Mine rehires 32 employees cut in January 2013
Date posted: April 30, 2014
SHERIDAN — Decker Coal Mine has restored the majority of jobs cut during the mass layoffs of January 2013.
General Manager Stephen Ketcham said the mine cut 59 workers more than a year ago, and of those, 32 have since been hired back. The other 27, he said, were offered their jobs back but chose to take work elsewhere.
By March of this year, those employees who wanted their positions back, had them. Ketcham also said the mine has filled eight new positions in the past few weeks in order to meet production demands.
“We ship to domestic customers in the Midwest,” Ketcham said. “We’re planning on shipping between 3.2 and 3.8 million tons this year.”
Ketcham indicated that this year’s production projections aren’t drastically different from last year’s, but that this year, the work to get the coal out of the ground requires a bigger workforce.
He said the jobs are varied among a broad spectrum of operations at the surface mine.
“There’s a lot of work that needs to be done in advance — pre-stripping, for example,” he explained. “We didn’t have any of that to do in 2013, but there’s lots in 2014 that needs to be completed.”
The Decker Mine is situated approximately 35 miles northeast of Sheridan and is owned in a 50/50 partnership between the Australia-based Ambre Energy and U.S.-based Cloud Peak Energy. Around the time of the mass layoffs, the two companies were engaged in a legal battle regarding a dispute over mine management.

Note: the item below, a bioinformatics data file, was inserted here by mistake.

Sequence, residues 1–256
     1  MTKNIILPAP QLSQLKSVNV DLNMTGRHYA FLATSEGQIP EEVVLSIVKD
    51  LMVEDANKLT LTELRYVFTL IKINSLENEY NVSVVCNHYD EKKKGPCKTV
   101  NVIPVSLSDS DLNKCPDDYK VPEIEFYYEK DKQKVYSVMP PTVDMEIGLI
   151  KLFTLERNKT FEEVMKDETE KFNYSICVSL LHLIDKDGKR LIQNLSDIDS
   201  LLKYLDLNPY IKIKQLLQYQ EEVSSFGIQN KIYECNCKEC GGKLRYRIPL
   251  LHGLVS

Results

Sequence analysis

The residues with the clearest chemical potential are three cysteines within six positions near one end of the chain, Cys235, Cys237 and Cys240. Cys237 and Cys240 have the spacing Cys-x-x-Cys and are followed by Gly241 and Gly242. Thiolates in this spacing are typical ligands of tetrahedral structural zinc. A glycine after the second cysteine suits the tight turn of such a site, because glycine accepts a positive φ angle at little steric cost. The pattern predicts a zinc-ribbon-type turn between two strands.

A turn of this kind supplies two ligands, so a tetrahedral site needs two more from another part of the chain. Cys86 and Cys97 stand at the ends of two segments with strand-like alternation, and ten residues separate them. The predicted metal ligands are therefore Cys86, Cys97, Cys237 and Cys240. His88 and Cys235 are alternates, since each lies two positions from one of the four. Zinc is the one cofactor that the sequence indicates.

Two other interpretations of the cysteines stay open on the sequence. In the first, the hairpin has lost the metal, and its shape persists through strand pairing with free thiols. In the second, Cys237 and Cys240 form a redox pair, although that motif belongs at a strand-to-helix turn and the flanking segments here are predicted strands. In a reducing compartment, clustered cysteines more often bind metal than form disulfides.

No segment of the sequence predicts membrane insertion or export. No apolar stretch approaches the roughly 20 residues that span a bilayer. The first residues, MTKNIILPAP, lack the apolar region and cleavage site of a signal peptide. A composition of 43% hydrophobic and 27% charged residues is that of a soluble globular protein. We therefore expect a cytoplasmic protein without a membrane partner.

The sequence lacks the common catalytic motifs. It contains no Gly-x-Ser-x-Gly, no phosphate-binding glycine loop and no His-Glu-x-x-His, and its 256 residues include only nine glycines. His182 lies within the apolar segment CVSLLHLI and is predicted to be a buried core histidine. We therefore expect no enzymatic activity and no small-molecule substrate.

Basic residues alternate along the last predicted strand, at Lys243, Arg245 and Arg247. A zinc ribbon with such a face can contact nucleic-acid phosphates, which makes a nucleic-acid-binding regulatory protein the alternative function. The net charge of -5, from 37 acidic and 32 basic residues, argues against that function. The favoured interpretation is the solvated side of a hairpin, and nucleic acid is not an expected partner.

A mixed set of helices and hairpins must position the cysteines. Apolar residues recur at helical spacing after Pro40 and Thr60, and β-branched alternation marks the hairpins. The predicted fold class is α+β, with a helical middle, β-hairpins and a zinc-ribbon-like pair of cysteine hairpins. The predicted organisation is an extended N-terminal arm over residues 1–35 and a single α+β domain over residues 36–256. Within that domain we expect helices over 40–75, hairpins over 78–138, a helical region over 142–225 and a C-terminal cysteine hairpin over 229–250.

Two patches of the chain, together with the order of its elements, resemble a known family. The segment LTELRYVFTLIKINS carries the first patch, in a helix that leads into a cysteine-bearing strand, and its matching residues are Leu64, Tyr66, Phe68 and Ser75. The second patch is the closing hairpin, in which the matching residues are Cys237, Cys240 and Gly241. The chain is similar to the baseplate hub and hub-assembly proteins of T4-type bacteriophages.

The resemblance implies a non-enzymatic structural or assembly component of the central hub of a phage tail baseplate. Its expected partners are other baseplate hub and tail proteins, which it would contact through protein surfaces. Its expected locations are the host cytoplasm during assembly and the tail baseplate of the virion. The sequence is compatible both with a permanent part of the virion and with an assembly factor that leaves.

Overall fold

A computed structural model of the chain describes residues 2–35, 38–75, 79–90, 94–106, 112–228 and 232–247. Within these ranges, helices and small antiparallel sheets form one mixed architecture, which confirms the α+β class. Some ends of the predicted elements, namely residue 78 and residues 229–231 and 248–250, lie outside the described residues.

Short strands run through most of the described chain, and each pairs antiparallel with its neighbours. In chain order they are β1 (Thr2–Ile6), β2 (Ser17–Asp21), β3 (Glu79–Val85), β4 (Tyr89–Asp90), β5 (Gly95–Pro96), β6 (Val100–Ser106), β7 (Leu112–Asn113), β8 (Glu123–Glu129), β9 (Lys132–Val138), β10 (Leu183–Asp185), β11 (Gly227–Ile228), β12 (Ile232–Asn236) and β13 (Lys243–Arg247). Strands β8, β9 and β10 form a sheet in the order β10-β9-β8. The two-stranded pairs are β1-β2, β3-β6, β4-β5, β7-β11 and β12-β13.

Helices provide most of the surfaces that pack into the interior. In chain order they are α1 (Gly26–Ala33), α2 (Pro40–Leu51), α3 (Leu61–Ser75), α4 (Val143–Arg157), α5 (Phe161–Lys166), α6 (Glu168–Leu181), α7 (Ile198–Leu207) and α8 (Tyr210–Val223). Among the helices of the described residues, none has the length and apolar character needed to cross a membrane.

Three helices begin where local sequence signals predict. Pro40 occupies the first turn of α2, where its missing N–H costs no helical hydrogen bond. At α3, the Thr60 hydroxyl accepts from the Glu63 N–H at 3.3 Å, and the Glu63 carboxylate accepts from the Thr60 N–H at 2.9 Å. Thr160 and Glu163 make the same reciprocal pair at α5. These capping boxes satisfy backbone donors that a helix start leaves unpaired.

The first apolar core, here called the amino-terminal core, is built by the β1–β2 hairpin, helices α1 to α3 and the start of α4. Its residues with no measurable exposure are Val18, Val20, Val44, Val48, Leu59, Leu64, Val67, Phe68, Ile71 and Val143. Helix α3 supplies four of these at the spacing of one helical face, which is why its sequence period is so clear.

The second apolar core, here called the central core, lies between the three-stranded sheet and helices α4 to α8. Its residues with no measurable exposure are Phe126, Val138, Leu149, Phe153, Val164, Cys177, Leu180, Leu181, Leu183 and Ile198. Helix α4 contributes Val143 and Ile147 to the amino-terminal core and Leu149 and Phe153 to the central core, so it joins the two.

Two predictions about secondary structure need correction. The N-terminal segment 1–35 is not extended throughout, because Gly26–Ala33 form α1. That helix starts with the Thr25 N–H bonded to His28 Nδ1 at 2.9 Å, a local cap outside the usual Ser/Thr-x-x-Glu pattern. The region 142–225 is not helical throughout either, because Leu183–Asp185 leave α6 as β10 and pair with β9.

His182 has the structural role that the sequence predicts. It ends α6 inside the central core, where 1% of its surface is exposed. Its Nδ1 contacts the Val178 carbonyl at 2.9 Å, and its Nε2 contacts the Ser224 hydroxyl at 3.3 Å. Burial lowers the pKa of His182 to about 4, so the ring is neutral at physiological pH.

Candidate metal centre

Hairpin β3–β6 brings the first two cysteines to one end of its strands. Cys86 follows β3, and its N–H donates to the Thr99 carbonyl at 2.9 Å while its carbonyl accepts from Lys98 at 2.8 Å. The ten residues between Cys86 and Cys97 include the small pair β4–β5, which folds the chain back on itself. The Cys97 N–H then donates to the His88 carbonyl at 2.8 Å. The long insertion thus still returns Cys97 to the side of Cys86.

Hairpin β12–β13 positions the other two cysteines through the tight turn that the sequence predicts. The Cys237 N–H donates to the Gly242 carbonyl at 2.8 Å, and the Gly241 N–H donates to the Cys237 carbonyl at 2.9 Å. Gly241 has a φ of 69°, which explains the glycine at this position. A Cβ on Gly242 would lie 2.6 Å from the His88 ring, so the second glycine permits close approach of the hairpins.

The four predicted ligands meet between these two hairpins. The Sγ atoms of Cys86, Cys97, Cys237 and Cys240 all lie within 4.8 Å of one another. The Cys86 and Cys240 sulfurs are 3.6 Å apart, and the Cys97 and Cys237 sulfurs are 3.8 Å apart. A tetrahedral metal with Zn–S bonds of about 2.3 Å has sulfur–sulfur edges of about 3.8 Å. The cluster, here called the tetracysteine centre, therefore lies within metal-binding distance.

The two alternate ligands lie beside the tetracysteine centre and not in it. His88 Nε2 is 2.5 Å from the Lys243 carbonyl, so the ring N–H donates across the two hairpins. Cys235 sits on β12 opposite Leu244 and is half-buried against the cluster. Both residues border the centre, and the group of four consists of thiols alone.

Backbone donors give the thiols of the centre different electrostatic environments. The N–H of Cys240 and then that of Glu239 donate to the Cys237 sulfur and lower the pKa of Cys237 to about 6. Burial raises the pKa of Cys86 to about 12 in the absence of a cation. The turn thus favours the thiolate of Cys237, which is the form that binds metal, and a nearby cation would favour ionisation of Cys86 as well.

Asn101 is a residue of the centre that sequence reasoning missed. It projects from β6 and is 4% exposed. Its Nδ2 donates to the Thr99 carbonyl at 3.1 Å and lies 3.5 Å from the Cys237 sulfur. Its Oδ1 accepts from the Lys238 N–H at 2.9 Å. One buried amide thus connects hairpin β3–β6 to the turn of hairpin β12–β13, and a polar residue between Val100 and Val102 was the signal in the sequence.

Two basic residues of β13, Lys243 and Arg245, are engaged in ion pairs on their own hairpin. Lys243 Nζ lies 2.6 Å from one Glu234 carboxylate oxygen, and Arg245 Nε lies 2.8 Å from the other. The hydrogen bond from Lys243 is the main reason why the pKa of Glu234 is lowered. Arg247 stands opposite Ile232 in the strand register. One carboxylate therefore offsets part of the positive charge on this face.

The 2013 layoffs were formally attributed to “ongoing expense management activities,” in a press release from Decker Coal.
Domestic demand for coal is on the decline due to the availability of other energy forms and restrictive environmental regulations on existing coal powered electric plants. The Cloud Peak and Ambre team have since expressed interest in exporting coal from the Powder River Basin to interested Asian markets, but the establishment of an export terminal on the West Coast of the U.S. has been met with staunch opposition from environmental groups.
Last week, the governor of Oregon made public statements firmly against efforts to establish an international shipping terminal in his state in the town of Bordman.
Proponents of domestic coal tout the resource as an alternative to foreign oil and point to the significant economic boost the industry provides its communities. Last year, the Decker Mine paid just under half a million dollars in property taxes to Big Horn County in Montana. The mine has paid a cumulative $500 million to federal, state and private interests in the form of mineral royalty payments since its inception approximately 40 years ago.
The Montana Coal Council estimates that each mining job creates an accessory three and a half jobs in peripheral services. With Sheridan being the closest urban center to the mine, it’s estimated that half of the mine’s employees live and spend money in the local economy.